Nashville Tennessee Flooding: Death Toll Rises to 31: Photos
The Storm and Flooding in Nashville Tennessee and Surrounding Areas Has Now Killed 31 People and the Clean-Up Continues
The storm and flooding in Tennessee has now been confirmed to have killed 31 people and the clean-up continues now that the flood waters have receded and the extent of the wreckage can be fully assessed.
- Nashville Flooding Update May 5
- Boston.com Has Compiled a Collection of Flood Pictures
- Nashville Tennessee Flooding Displaces Thousands
- Grand Ole Opry, Opryland Hotel Flooded (Pictures)
21 people have died in Tennessee, including one from a tornado, six people have died in Mississippi and four in Kentucky, but officials say that the death toll could rise according to CNN.
President Obama has declared 10 Tennessee counties a disaster area. Tennessee Governor Phil Bredesen addressed the media in an press conference Thursday morning:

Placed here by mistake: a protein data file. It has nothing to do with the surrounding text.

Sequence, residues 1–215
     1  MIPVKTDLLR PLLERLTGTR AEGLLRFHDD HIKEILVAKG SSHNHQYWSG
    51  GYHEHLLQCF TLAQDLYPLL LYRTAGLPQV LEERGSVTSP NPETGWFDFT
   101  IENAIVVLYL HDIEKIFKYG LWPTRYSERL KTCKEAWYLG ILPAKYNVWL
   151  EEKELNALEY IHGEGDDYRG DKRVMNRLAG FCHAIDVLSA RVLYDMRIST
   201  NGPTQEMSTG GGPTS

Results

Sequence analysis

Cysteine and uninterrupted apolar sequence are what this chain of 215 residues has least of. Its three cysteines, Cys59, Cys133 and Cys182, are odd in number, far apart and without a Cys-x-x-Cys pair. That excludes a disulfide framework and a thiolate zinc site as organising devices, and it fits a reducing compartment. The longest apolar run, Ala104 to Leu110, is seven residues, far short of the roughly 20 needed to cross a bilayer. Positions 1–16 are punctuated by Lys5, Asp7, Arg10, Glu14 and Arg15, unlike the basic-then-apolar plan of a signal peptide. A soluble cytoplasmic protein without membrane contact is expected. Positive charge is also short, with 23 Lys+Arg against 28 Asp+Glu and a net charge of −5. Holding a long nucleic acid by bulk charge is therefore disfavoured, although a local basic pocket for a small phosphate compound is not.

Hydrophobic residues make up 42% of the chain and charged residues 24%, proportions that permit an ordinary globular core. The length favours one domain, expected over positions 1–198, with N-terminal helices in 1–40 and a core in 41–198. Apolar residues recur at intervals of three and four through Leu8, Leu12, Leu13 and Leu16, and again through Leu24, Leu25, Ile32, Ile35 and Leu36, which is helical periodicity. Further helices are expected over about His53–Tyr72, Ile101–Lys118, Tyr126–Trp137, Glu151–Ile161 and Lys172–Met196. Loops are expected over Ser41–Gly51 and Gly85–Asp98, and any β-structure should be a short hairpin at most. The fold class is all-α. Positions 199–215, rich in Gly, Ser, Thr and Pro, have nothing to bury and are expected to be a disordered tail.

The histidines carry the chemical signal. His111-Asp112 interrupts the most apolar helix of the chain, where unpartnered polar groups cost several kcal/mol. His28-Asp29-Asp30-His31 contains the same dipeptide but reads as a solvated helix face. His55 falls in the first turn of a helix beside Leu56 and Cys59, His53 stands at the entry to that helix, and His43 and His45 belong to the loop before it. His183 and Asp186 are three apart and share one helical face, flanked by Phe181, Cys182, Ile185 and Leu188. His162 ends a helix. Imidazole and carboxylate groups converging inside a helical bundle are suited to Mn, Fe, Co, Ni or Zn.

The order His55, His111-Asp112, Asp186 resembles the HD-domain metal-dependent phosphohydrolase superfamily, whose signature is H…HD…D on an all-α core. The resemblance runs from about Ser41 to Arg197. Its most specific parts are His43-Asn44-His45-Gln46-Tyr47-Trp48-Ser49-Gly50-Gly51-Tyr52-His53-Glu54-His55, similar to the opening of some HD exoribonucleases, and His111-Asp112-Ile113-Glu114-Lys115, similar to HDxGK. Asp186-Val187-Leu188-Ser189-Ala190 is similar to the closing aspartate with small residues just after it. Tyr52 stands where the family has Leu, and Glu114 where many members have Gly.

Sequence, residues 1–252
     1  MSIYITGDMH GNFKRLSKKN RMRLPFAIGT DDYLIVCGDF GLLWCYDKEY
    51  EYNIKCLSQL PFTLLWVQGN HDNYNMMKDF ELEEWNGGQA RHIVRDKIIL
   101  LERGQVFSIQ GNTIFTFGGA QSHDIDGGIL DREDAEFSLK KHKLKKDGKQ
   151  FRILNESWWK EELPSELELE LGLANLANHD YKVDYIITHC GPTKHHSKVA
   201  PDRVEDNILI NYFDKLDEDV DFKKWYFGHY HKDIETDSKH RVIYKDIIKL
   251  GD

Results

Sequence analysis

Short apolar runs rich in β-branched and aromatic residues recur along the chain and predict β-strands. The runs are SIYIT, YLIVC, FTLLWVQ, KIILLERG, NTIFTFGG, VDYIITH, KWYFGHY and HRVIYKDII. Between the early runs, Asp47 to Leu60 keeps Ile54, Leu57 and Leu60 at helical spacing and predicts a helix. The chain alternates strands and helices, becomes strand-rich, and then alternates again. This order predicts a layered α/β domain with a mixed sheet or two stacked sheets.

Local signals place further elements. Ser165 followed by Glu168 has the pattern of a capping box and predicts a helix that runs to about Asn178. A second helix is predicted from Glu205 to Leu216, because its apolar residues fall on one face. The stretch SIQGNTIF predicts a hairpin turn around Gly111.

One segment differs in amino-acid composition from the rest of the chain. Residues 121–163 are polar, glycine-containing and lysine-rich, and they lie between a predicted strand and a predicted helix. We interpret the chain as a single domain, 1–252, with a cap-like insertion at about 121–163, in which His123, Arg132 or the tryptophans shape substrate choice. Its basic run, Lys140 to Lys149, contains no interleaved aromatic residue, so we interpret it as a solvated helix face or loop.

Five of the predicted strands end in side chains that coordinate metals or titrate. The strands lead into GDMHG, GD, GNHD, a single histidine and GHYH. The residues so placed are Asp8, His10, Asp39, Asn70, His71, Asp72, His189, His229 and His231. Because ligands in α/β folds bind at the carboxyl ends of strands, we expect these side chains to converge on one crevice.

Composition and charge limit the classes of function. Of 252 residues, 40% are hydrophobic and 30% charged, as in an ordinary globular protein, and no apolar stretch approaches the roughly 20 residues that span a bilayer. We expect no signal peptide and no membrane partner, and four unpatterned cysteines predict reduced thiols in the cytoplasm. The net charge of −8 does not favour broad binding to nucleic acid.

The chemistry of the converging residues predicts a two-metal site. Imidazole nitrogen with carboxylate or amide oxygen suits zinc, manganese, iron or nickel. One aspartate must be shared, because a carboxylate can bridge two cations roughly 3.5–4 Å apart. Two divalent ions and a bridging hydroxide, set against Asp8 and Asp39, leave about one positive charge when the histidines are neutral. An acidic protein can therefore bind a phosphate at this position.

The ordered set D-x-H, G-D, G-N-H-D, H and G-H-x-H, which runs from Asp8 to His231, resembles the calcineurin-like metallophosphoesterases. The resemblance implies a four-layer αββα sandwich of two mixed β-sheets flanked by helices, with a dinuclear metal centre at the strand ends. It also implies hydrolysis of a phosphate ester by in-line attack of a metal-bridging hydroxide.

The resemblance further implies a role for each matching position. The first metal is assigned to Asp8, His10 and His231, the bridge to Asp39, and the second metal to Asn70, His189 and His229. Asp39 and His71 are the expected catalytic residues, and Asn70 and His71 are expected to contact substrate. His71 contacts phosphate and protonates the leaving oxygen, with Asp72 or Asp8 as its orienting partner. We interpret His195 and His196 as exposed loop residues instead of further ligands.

A lot of people who didn't have flood insurance, because they never thought floodwaters would ever come anywhere near their home, are really looking at a total loss of their home," Bredesen said. "It's very tough on a lot of people right now
Mayor Karl Dean said that the people are starting to rebuild their lives and that the city of Nashville is starting to get back up and working again. Government officials are returning to work on Thursday and students will return to school on Friday.
The Grand Ole Opry, which was severely damaged by flood waters, is expected to open before the end of the week, although it will require some substantial repairs.
The damage is expected to top about 1 billion dollars, but with no rain forecast from now until Monday, officials and residents are hoping that the flood waters will recede significantly and that they can get their lives back on track.